Rest for the Soul

Moments of rest don't come when we "check out" but rather when we meditate on God.

For years, I mistook “checking out of reality” for “rest.” To relax, I would binge-watch Netflix or SportsCenter for an entire afternoon or play video games until that pesky homework from my philosophy class could no longer be avoided. Unfortunately, this never once made me feel rested. In my experience, checking out leads only to a numbing of pain and fatigue from the previous workweek, not to true healing or a fuller, more meaningful life.

Resting literally means to be still, to cease from work, or to be held still in a single spot by another object. I find the last part of the definition to be the most fitting with regards to what it means for the Christian to rest. We are held still by something (or rather someone)—the God of the universe.

I knew there had to be a better way to find true rest, and I discovered it in the Christian discipline of biblical meditation. I’d always associated meditation with the Far East, but as the writer of Psalms 1 says, “How blessed is the man who does not walk in the counsel of the wicked, nor stand in the path of sinners, nor sit in the seat of scoffers! But his delight is in the law of the Lord, and in His law he meditates day and night” (vv. 1-2).

Checking out leads only to a numbing of pain and fatigue from the previous workweek, not to true healing or a fuller, more meaningful life.

So I began to meditate on the Word of God and the thoughts of great men of faith. It was water to my thirsty soul. I would often ask questions of verses that had long lost their luster and find a new, more beautiful, and rich understanding of what I thought had become trite. Sitting still while allowing my mind to dwell on the things of God brought true rest to my soul.

I discovered that there was another, less conventional way to rest, too. If you’re like me, you sit at a desk for 40-plus hours a week at your job. I’ve found that in order to rest, one of the things I need most is activity. It sounds strange, but it’s true. That’s why the Valentine family takes frequent walks through the park. As my body moves, I find things that were pent up in my heart slowly begin to trickle out. On a few occasions, I’ve broken down in tears during a walk, because God was using the physical release of energy to free my soul from something I hadn’t previously acknowledged. The truth is that we were made to move. If we haven’t been active all week, our bodies are probably filled with angst. It’s in those moments that we need to get up, get out, and find God amid His creation.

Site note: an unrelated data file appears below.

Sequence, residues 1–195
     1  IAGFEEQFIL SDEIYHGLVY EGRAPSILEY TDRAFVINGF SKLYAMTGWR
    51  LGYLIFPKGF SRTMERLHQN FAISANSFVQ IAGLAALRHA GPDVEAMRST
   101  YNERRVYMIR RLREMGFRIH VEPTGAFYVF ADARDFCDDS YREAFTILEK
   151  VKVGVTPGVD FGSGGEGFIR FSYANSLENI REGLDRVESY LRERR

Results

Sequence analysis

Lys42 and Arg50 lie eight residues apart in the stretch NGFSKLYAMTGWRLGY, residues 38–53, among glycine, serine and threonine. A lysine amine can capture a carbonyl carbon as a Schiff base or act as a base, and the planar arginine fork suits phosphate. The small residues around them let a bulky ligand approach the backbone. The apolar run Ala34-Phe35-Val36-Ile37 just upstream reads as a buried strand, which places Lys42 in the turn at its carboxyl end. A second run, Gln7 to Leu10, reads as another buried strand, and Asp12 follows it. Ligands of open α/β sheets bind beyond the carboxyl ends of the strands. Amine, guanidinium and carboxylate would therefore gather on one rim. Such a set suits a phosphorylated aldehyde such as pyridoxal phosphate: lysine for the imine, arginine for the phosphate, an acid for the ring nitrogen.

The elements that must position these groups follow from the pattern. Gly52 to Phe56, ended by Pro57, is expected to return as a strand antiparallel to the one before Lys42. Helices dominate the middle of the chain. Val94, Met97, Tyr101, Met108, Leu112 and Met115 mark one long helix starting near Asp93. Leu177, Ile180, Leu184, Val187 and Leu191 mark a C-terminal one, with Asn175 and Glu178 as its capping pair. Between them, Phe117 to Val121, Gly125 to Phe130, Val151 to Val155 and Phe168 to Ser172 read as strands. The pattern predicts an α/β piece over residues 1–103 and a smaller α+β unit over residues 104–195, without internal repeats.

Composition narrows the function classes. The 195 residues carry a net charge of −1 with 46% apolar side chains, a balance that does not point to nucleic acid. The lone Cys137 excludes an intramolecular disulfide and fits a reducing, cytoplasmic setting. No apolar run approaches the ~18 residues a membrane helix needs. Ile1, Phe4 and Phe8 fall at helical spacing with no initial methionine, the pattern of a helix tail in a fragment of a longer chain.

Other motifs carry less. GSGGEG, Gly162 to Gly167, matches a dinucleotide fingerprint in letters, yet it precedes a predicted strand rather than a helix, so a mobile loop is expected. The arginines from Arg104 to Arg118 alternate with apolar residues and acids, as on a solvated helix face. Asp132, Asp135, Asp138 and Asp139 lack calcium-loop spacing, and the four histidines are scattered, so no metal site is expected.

As my wife and I have explored what it means to rest, we’ve been reminded of Christ’s words: “The Sabbath was made for man, and not man for the Sabbath” (Mark 2:27). That’s why we ask ourselves, each other, and God, “How do we need to rest this particular day?” Sometimes we just go for a walk. Other days we sit and contemplate the nature of God and existence. And sometimes we do both. It’s not how we seek Sabbath but why that matters.

By resting, we embrace the fact that God has everything under control. We don’t need to work seven days a week, because we trust that God will provide. When we rest, we remind ourselves to enjoy the life He’s given us. So whether you’re called to rest on a Sunday or another day of the week, don’t simply check out of reality to numb yourself for a few scant hours. Instead, embrace the God of the universe for an entire day—not only will you find rest in the One who loves you, but you’ll also discover a life bursting at the seams with energy.

Related Topics:  Growth of a Believer

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